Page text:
The experimental project was used last year by National Weather Service offices in Missouri and Kansas to improve communication during tornado warnings. Residents in Greene, Macoupin, Pike and Calhoun Counties were first to see the warnings in Illinois.
Chris Miller, meteorologist at the Lincoln National Weather Service, says starting April 1st the impact-based warning system will be used throughout the Midwest and Great Lakes, including West Central Illinois.
“There was an independent review by emergency management officials of this experiment and it was recommended that the experiment expand to all of the Midwest, look at it further, study it more and get more feedback from our partners and the public," says Miller.
Words like “mass devastation,” “unsurvivable,” and “catastrophic” will be part of tornado warnings based on the severity of a storm’s expected impact. Miller says the goal is to more successfully communicate the danger of an approaching storm.
“In the past, the tornado warnings that we've issued were kind of a one-size-fits-all," says Miller. "We know that tornadoes are all different, but anytime we had a tornado that even had a brief touchdown, all the way up to an enormous tornado that could cause mass destruction or injuries and fatalities, we used the same warning. So, what we've decided to do with this experiment was expand that."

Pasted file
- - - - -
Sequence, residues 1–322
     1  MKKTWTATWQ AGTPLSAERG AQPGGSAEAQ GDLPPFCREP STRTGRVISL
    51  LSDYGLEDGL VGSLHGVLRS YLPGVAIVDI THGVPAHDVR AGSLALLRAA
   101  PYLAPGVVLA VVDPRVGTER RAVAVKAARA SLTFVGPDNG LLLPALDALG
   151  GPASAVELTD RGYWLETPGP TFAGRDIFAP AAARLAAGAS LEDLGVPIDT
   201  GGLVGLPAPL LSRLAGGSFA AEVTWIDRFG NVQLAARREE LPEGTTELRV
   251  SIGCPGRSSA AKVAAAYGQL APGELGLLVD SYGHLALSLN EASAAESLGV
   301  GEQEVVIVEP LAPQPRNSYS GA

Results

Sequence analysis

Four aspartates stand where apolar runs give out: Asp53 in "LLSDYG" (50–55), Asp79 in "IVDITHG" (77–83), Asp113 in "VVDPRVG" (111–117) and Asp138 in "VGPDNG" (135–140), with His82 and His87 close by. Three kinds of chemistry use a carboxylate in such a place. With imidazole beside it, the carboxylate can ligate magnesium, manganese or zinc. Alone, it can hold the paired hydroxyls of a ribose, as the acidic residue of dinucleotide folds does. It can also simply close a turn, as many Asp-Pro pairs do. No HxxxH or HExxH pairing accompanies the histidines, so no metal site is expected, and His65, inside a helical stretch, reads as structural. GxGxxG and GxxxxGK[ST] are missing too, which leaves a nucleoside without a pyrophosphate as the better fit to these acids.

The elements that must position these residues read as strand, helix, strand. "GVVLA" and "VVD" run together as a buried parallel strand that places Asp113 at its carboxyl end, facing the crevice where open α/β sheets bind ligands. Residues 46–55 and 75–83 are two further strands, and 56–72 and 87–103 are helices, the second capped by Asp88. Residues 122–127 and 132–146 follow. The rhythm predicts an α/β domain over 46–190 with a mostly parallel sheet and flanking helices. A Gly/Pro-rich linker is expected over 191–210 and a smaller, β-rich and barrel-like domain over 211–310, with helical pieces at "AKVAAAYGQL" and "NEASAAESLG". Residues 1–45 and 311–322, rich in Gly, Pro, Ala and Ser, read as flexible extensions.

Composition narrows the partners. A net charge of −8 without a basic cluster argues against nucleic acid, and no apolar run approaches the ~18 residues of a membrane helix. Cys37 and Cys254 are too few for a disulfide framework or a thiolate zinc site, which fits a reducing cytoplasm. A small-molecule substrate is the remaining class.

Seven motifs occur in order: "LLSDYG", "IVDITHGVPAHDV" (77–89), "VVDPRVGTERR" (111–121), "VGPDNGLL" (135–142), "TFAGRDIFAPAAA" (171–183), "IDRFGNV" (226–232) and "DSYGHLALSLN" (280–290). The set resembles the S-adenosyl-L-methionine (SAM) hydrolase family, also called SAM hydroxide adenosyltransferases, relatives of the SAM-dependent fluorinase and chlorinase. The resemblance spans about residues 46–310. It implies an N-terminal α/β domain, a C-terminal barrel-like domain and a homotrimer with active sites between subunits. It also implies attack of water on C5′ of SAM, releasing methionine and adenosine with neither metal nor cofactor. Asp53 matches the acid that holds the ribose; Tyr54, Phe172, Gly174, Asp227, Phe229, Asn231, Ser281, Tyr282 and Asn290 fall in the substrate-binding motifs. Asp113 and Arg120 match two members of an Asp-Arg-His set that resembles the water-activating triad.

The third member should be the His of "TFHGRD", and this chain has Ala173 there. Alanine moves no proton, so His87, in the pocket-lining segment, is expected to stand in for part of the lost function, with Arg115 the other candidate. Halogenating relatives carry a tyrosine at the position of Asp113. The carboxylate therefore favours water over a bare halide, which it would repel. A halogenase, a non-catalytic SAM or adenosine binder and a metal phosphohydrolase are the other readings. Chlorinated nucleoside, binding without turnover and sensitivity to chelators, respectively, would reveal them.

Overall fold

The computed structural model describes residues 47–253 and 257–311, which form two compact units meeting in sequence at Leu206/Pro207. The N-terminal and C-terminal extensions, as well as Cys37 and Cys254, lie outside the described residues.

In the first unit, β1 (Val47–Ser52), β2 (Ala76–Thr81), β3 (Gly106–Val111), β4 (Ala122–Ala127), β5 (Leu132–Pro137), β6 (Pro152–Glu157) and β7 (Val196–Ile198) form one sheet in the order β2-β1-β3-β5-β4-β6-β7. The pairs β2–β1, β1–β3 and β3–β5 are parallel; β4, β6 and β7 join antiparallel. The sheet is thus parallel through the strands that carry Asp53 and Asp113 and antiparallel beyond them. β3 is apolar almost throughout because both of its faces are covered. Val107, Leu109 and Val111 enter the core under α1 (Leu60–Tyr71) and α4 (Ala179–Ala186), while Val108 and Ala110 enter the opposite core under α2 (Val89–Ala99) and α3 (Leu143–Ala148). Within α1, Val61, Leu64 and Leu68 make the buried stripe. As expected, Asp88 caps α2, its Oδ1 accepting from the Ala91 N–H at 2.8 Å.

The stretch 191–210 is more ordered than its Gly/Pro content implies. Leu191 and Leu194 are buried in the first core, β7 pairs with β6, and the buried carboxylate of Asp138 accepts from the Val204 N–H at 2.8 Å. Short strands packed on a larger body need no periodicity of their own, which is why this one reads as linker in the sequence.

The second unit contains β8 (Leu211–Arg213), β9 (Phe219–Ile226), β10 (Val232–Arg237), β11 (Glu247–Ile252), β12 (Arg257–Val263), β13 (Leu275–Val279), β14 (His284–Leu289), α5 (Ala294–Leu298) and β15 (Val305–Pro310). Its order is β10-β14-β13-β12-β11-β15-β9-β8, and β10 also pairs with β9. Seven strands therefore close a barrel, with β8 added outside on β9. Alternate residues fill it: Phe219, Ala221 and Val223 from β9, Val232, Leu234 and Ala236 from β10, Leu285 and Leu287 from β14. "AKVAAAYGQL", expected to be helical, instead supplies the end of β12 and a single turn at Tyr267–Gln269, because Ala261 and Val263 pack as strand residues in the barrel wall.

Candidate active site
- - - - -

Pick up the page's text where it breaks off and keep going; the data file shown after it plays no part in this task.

There will be three levels to tornado warnings. If Doppler Radar detects a rotating thunderstorm the tornado warnings will be “radar indicated”. If a tornado is spotted by the public the warning will say “a tornado is on the ground.” These two descriptions have been used for several years.
The two new descriptions will say a tornado on the ground will cause “considerable damage” or a tornado on the ground will cause “catastrophic damage”. These phrases will be used when radar, weather spotters, and law enforcement have confirmed a large tornado.
“But that is going to be extremely rare," says Miller. "That would be for like a once-in-a-lifetime type of tornado, so if anyone did hear that the point that we're trying to get across is this storm really mean business. It's big, it has a lot of potential to produce damage and possible injuries and fatalities. We want people to pay attention to that."
The impact-based warning system began to better communicate storm threats after 158 people were killed when a tornado ripped through Joplin, Missouri in 2011.